• Date of Birth: May 05, 1883
  • Born City: Orillia
  • Born State/Country: ON
  • Parents: S.P., a Methodist clergyman, & Jean Andrews R.
  • Date of Death: July 31, 1961
  • Death City: St Andrews
  • Death State/Country: Scotland
  • Married: Eliza Harriet Plimsoll, 1911.
  • Education:

    B.A. McGill, 1904; B.A. Oxford (Balliol Coll.) (Rhodes Scholar), 1907; Ireland & First Craven Scholar, 1904; Chancellor's Latin Essay Prize, 1907; Passmore Edwards Scholar, 1908; LL.D. (hon.) St. Andrews, 1954.

  • Professional Experience:

    Fell. & lctr. Exeter Coll., Oxford, 1907-11; asso. prof, class. McGill, 1911-5; prof. Lat. University Coll. of Wales, Aberystwyth, 1919-27; prof. Gk. United Coll. of St. Salvator & St. Leonard, St. Andrews, 1927-53; pres. Folklore Soc, 1932-5; Scottish Anthrop. Soc., 1932-52; fell., 1935; Class. Assoc. Scotland, 1955; Socio corrispondente, R. Istituto lombardo di scienze e lettere, 1932; fell. British Acad., 1934; vis. prof. Harvard, 1935; for. mem. Royal Soc. Letters, Lund, 1935; Sather prof., 1939; hon. fell. Exeter Coll., 1944; for. mem. Royal Netherlands Acad. Sci., 1951.

  • Publications:

    The Roman Questions of Plutarch (trans.) (Oxford, 1924; repr. 1975); Primitive Culture in Greece (London, 1925); Primitive Culture in Italy (London, 1926; repr. 1971); Blodau o hen ardd: epigram an Groeg a Lladin, with T. Gwynn Jones (Wrexham, 1927); A Handbook of Greek Mythology (London, 1928; 6th ed. 1958; many reprints; Germ, trans. [Munich, 1955; 2d ed. 1961]); Modern Methods in Classical Mythology (St. Andrews, 1930); Hygini Fabulae (Leiden 1933 or 1934; repr. 1967); A Handbook of Greek Literature from Homer to the Age of Lucian (London, 1934; 4th ed. 1951; many reprints); A Handbook of Latin Literature from the Earliest Times to the Death of St. Augustine (London, 1936; 3d ed. 1954; many reprints); More West Highland Tales, with John Francis Campbell, John G. McKay, W. J. Watson, & Donald Maclean (Edinburgh & London, 1940); Nonnus of Panopolis, Dionysiaca, trans. W. H. D. Rouse, with mythological intro. & notes by Rose, LCL, 3 vols. (Cambridge & London, 1940-2); The Eclogues of Vergil, Sather Lectures 16 (Berkeley & Los Angeles, 1942); Ancient Greek Religion (London, 1948; Span, trans. 1955); Ancient Roman Religion (London, 1949; Span, trans. 1955; repr. with the preceding as Religion in Greece and Rome with new introduction [New York, 1959]); Folk-Lore in Chios, with P. P. Argenti (Cambridge, Eng., 1949); Andrew Lang: His Place in Anthropology, Andrew Lang Lecture (Edinburgh, 1951); Gods and Heroes of the Greeks (London, 1957, many reprints); A Commentary on the Surviving Plays of Aeschylus, 2 vols. (Amsterdam, 1957-8); Some Problems of Classical Religion, Eitrem Lectures [1955] (Oslo, 1958); Outline of Classical Literature for Students of English (London, 1959; repr. 1961); articles in Hastings' Encyclopaedia of Religion and Ethics (New York, 1908-27); Encyclopaedia Britannica, 14th & 15th eds.; Encyclopaedia Americana; Chambers's Encyclopaedia; Oxford Classical Dictionary; learned journals. Translations: W. Schmidt, The Origin and Growth of Religion (London, 1931); M. P. Nilsson, Greek Piety (Oxford, 1948); R. Pettazzoni, Essays on the History of Religion (Leiden, 1954); B.A. van Proosdij, "Two Thunderclouds Closing in Conflict. " The Meeting of Madvig and Cobet at the Tercentenary of Leyden University and Its Historical Background (Leiden, 1954); P. van der Meer, The Chronology of Ancient Western Asia and Egypt, 2d ed. (Leiden, 1955); R. Pettazzoni, The All-Knowing God (London, 1956); K. Kerenyi, Heroes of the Greeks (London, 1959).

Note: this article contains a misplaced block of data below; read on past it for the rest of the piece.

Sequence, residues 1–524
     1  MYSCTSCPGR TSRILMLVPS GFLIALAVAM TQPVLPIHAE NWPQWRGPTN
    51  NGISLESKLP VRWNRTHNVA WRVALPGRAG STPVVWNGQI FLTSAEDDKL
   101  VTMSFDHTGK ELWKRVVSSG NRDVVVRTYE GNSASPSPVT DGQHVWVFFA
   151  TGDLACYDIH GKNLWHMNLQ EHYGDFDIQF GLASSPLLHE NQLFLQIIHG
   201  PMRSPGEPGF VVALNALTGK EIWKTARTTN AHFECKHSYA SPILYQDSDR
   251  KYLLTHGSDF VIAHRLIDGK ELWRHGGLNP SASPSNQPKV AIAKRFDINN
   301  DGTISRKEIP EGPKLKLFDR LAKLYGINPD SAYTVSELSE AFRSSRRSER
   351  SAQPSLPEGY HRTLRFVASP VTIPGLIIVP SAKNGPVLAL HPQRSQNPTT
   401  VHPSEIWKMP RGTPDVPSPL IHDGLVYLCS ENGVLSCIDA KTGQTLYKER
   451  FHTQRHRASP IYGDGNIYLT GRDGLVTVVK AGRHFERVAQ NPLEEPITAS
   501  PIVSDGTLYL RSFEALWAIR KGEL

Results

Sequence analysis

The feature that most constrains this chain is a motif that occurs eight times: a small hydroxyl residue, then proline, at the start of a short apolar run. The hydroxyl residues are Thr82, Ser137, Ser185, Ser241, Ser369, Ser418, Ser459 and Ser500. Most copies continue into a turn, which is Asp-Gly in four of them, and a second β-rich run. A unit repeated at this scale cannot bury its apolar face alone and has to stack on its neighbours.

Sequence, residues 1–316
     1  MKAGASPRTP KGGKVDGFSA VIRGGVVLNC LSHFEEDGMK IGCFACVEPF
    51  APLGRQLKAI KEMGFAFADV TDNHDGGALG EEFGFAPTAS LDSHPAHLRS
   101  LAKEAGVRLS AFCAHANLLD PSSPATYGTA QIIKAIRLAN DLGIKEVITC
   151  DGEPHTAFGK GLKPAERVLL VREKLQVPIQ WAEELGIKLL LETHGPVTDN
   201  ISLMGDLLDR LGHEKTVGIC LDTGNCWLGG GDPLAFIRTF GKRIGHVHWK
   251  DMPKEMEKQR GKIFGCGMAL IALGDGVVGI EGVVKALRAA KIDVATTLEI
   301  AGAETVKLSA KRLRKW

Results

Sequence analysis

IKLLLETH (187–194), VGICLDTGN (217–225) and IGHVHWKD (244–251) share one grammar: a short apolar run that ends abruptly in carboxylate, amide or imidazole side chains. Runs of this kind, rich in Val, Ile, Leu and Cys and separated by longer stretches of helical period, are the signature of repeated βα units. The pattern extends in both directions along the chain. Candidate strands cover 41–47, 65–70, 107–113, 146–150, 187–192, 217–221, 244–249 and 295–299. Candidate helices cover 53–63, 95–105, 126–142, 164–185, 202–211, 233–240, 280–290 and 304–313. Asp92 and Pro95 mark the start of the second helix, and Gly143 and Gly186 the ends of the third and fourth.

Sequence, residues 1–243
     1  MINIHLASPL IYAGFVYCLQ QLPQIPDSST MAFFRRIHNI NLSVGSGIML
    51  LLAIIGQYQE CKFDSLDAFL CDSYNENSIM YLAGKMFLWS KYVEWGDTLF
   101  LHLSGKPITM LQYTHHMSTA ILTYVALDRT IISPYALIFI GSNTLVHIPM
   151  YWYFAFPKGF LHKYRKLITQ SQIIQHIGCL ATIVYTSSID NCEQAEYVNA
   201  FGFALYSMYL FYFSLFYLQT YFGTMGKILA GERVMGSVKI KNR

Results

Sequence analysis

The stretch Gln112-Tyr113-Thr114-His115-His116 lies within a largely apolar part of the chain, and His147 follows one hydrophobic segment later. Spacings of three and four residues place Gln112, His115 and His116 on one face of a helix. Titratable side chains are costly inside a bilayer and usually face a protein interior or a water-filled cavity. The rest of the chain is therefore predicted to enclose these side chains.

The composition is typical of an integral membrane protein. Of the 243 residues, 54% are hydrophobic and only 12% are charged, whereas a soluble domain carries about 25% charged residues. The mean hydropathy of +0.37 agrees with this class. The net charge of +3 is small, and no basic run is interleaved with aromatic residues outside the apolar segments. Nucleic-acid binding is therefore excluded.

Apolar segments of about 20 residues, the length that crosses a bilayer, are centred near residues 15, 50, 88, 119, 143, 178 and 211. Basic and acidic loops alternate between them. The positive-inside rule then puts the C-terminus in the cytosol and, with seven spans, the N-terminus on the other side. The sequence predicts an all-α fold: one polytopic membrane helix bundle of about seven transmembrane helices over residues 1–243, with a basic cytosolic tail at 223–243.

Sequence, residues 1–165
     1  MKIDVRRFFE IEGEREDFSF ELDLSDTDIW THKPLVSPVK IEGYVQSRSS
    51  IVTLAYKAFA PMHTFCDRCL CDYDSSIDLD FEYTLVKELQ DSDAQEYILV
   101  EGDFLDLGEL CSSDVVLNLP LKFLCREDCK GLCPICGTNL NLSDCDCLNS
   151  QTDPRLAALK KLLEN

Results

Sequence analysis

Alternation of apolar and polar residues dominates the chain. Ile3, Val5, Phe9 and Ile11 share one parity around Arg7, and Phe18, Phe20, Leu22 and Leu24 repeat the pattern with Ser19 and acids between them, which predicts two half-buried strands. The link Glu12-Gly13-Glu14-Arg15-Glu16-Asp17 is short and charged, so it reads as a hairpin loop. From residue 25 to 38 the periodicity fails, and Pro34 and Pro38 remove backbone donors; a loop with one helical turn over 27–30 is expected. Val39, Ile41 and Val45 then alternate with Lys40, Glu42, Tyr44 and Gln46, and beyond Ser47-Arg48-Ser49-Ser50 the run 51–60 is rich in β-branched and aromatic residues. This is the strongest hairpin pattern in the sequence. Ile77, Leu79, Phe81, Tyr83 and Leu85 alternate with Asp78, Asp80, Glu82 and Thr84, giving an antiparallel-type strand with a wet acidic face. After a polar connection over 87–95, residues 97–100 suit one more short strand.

• Notes:

    H. J. Rose is the most gifted and famous of the Canadian scholars represented in this database. His special province was ancient religion, on which he brought to bear his immense learning in folklore, folktales, and anthropology, but without the excessive theorizing of some of his contemporaries. Early influences were L. R. Farnell, R. R. Marett, and Warde Fowler. The Handbook of Greek Mythology is his monument and best illustrates his capacity to communicate clearly a great many facts, normally taken from other authorities but filtered through a keen and independent judgment and enriched by his own special talent for analyzing narratives. His great facility in writing, aided by a wonderful memory, occasionally betrayed him into error, as in the Handbook of Latin Literature; the commentary on Aeschylus is uneven, and the edition of Hyginus, though still standard, leaves much to be done. But his books were full of insight, and his advances in method were particularly praised by A. D. Nock.A large and bluff man, he was a vigorous swimmer in the North Sea until late in life. His large family (six children and many grandchildren surviving) gave him much joy. He was reputed to know all the languages of Europe, and his skill at chess was such that he nearly beat Capablanca, the future world champion, in 1907; victory seemed certain after 31 moves, when a simple oversight resulted in a draw.

  • Sources:

    E. L. James, Man 62 (1962) 119; W. L. Lorimer, PBA 48 (1962) 397-410; A. D. Nock, Gnomon 34 (1962) 424-6; Times (2 Aug. 1961) 13c (obituary); (4 Aug. 1961) 12c (funeral); (8 Aug. 1961) lib (tribute by J. R. T. Pollard); Who Was Who. A Companion to Who's Who VI (1961-70) (London, 1979); Who's Who Among Living Authors of Older Nations 1 (1931-2); Domenico Accorinti, "Herbert Jennings Rose (1883-1961). The Scholar and His Correspondents," ICS 33-34 (2008-9) 65-107.

  • Author: Robert L. Fowler